Japan PM's condolences for WW2 dead
Prime minister Shinzo Abe has offered solemn condolences for the Americans who died in the Second World War as he became the first Japanese leader to address a joint meeting of Congress.
"My dear friends, on behalf of Japan and the Japanese people, I offer with profound respect my eternal condolences to the souls of all American people that were lost during the Second World War," Mr Abe said.
But as he did at a news conference yesterday with US president Barack Obama, Mr Abe stopped short of offering an apology for Japanese conduct during the war, including sexual enslavement of tens of thousands of Asian women by Japan's imperial army.
South Korea and a number of US politicians have sought such an apology, but Mr Abe did not offer one, even while acknowledging that Japan's "actions brought suffering to the peoples in Asian countries".
He described visiting the Second World War memorial on the National Mall, and reflecting upon the 400,000 American war dead "with deep repentance in my heart".
"What is done cannot be undone," Mr Abe said.
But he hailed the alliance that rose from the ashes of that terrible conflict 70 years ago as one that will "enhance the peace and security of the Asia-Pacific region".
He also sought support for a 12-nation trans-Pacific trade pact that has divided Congress, telling politicians it should be completed "for the sake of our children and our children's children".
Mr Abe said: "Enemies that had fought each other so fiercely have become friends bonded in spirit."
"What should we call this, if not a miracle of history?" he asked.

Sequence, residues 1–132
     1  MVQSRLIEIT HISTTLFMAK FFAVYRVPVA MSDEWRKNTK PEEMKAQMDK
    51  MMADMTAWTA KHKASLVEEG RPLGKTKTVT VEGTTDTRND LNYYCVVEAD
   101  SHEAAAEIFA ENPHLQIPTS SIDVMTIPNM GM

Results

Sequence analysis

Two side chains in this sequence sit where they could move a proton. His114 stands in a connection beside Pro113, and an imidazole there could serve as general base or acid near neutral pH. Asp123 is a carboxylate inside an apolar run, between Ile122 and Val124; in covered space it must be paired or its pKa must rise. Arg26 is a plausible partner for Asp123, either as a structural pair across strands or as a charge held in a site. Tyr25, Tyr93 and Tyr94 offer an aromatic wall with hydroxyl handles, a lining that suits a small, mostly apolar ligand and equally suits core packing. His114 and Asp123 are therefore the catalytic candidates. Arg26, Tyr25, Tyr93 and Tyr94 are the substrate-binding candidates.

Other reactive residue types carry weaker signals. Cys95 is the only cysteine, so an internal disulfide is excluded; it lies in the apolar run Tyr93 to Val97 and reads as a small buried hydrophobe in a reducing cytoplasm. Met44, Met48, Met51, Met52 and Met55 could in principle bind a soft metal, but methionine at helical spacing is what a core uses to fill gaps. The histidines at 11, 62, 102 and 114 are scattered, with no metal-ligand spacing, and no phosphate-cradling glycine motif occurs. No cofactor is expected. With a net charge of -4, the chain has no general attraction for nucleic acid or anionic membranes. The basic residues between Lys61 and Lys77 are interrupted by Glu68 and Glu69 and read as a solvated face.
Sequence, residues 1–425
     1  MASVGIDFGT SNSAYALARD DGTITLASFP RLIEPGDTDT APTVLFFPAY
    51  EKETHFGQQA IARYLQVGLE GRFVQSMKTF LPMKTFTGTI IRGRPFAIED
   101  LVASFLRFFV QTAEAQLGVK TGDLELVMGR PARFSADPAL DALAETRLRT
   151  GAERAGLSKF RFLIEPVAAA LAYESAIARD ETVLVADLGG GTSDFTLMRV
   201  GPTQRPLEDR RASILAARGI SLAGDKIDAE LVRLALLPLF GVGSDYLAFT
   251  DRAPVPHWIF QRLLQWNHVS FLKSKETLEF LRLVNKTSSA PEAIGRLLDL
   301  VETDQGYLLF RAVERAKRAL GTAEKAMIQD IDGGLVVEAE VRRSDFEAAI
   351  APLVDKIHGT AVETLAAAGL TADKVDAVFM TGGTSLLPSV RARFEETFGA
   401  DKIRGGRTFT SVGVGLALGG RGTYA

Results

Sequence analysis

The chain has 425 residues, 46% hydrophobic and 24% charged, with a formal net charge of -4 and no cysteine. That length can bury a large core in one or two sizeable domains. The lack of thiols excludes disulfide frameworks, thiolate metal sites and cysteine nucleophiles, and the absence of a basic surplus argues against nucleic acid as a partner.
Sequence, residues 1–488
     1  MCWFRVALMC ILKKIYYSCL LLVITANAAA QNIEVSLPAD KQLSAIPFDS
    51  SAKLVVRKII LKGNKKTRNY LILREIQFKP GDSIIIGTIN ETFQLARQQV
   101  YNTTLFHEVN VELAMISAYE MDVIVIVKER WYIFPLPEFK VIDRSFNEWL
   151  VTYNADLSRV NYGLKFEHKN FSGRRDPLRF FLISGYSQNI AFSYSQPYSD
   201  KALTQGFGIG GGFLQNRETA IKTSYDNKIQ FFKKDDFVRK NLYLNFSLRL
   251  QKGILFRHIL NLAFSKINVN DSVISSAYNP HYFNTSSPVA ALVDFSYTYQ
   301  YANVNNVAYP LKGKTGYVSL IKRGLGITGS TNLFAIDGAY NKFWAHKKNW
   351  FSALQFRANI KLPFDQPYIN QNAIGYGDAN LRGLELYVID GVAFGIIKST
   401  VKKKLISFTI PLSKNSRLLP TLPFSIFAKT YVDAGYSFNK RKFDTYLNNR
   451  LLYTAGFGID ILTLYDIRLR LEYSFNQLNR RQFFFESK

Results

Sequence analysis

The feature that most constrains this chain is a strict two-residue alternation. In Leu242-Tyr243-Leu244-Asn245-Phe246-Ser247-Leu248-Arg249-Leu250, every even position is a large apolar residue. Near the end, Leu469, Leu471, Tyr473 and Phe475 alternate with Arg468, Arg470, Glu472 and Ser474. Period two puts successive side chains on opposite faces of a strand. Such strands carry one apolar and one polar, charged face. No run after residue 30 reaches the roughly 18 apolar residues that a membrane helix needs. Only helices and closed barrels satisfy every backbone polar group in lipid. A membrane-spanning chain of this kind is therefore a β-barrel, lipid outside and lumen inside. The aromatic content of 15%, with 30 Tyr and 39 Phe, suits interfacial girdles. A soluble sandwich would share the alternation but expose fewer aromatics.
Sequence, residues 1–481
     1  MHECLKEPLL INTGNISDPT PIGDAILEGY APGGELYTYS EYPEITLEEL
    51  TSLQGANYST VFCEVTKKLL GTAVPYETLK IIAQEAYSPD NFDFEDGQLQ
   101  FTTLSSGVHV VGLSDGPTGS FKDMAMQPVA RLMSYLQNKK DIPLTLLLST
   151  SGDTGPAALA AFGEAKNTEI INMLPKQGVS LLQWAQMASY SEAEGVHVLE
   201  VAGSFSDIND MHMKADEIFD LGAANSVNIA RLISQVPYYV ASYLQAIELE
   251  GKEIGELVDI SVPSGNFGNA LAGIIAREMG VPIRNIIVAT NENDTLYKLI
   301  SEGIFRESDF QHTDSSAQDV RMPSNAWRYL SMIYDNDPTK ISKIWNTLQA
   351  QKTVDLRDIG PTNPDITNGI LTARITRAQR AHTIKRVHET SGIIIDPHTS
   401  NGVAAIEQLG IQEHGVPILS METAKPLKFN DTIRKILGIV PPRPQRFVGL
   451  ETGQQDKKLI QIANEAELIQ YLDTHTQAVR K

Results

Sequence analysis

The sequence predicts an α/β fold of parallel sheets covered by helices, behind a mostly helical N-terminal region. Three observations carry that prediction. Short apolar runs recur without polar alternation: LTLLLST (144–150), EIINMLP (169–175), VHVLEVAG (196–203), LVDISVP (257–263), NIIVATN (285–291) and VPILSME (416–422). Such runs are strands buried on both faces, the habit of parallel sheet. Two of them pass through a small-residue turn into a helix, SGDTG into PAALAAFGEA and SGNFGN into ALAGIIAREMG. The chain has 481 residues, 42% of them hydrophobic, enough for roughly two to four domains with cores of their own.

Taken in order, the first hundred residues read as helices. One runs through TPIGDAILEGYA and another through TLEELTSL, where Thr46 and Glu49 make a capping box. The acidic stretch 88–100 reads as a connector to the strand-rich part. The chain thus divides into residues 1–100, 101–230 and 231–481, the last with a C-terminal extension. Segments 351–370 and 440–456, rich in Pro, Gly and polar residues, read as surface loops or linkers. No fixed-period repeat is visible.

After an Oval Office meeting with Mr Abe yesterday, where the two leaders declared progress in bilateral trade talks that are critical for completing a wider TPP agreement among nations accounting for 40% of global GDP, Mr Obama conceded to reporters: "It's never fun passing a trade bill in this town."
Mr Abe told politicians that the Pacific trade deal is about spreading the shared values of rule of law, democracy and freedom.
"It is also about our security. Long-term, its strategic value is awesome. We should never forget that," Mr Abe said. "Let us bring the TPP to a successful conclusion through our joint leadership."
Since winning election in December 2012, Mr Abe has been a strong advocate of closer ties with the US. He has been granted the full pomp and ceremony at the White House and was feted last night with a state dinner.
But it is the invitation to address Congress that sets him apart from his predecessors. While past Japanese prime ministers - including Mr Abe's own grandfather, Nobusuke Kishi, in 1957 - have addressed the House, it was the first time for a leader of the East Asian nation to speak to both chambers.